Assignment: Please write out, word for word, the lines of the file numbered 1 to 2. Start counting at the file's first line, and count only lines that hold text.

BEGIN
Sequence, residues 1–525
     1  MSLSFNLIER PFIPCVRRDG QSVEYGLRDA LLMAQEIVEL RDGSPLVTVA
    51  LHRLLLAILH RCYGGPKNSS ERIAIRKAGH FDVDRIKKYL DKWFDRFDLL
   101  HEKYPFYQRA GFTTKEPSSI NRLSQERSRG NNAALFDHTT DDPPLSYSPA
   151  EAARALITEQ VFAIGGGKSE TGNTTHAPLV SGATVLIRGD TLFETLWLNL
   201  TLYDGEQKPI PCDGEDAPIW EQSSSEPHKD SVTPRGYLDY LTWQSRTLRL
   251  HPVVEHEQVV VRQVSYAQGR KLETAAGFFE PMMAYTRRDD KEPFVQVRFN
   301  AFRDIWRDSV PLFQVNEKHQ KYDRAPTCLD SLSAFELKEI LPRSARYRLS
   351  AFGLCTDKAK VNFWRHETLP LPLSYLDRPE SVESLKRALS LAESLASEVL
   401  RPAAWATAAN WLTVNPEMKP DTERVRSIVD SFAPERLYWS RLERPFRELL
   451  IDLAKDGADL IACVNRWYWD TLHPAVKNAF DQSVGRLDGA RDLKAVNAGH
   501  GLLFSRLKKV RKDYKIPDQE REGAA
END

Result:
Sequence, residues 1–525
     1  MSLSFNLIER PFIPCVRRDG QSVEYGLRDA LLMAQEIVEL RDGSPLVTVA